Also, when you find your little one getting fidgety at night, you might want to run and check on them. Babies, however, fall back asleep if left unattended. If there’s nothing that might need urgent attention, you should better not pay a heed. You can observe them from a distance and rest assured that they’ll go back to sleeping very soon. As time passes, you’ll know when and if you need to respond to your baby’s awakening. 

7. Comfy Clothes and Environment

Dim the lights and ensure that the room’s temperature is optimal: 18-22° C and static and there’s no possible allergen or irritant present. Please also ensure that there’s nothing that they’re directly in contact with or that there’s nothing that can tangle with them, fall on them or roll over to them. 

You may wrap them in a comfy swaddle made of a natural fabric so they can sleep cozily through the night without any irritation. Research has found that swaddling helps babies sleep longer and reduce the risk of Sudden Infant Death Syndrome (SIDS). You do not want to miss that. Include swaddling in your newborn’s bedtime routine, it will help you big time!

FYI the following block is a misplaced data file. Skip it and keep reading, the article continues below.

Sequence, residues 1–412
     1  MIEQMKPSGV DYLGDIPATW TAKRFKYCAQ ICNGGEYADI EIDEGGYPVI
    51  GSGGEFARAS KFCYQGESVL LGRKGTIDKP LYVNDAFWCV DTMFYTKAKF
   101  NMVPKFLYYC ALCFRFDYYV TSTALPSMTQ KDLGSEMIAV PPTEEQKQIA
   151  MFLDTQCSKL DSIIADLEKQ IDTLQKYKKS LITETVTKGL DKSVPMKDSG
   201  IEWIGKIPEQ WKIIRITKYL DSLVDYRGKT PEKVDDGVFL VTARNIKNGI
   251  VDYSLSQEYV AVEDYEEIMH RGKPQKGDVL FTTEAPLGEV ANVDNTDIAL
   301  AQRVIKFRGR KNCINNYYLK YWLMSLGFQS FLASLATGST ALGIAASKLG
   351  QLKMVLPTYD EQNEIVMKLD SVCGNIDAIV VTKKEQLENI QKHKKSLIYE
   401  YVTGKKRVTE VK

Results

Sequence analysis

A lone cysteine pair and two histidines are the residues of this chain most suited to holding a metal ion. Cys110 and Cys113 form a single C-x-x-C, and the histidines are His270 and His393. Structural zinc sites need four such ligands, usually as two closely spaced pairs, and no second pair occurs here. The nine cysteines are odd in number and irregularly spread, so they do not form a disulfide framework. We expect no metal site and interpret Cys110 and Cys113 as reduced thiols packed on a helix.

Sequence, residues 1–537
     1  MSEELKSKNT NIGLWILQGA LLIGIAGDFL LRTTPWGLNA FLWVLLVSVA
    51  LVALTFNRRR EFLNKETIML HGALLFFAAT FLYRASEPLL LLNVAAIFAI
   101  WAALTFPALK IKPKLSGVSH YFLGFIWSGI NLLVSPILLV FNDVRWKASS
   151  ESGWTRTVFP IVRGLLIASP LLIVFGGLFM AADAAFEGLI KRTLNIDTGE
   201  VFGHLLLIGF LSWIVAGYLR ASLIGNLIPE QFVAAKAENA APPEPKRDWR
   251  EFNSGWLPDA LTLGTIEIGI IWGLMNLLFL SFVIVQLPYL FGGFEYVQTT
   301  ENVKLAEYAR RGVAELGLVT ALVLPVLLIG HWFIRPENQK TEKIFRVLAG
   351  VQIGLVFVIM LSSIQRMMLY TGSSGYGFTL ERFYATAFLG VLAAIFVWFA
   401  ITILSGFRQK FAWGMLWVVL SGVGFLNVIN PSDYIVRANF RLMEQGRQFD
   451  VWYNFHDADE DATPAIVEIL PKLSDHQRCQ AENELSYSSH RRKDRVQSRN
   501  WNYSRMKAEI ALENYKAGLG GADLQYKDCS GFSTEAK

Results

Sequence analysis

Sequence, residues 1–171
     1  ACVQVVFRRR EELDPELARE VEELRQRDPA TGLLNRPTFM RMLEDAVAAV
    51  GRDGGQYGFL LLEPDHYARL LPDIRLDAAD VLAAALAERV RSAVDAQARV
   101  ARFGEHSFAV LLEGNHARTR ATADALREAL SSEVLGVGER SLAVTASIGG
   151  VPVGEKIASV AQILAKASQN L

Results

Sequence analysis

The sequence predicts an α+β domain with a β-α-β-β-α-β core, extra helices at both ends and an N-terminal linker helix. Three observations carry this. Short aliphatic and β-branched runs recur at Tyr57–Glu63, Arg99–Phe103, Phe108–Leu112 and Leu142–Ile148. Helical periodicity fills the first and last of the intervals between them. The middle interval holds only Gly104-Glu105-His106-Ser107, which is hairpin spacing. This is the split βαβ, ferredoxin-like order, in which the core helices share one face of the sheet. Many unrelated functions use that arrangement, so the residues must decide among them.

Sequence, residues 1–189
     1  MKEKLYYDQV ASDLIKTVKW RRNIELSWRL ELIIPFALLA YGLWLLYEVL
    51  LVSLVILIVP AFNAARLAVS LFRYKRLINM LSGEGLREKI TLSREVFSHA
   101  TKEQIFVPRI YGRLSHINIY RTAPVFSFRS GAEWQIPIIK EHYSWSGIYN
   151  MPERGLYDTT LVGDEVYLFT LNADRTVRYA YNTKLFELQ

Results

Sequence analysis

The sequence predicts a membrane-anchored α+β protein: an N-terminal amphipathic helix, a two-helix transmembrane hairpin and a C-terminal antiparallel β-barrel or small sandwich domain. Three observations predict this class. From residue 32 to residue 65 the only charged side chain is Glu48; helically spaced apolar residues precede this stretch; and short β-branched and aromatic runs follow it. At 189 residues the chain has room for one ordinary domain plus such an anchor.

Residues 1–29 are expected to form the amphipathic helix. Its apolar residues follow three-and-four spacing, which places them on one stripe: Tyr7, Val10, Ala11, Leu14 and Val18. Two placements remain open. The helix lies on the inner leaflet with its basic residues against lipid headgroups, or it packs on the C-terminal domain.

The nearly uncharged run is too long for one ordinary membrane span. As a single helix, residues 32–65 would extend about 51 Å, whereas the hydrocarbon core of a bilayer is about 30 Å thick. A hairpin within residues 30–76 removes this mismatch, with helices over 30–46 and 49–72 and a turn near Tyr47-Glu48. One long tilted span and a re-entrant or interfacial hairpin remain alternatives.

Each infant is new and unique. They all have similar basic requirements: sleep, milk, natural, non-toxic clothes, and a lot of love, care, and attention. You may be feeling deprived of sleep but on the greener side, it’s only a matter of a couple of weeks. Your tiny moonpie will grow bigger and naughtier sooner than you think and your dream of sleeping through the night will also come true. Don’t give up, keep sleep training your little one, it will reward you every possible way in the blink of an eye. 

Happy Mommying!


If you’ve tried everything and you see no change in the fussiness of your newborn, it’s better to check with your pediatrician. Colic could as well be because of an underlying cause, which only the doctor can determine.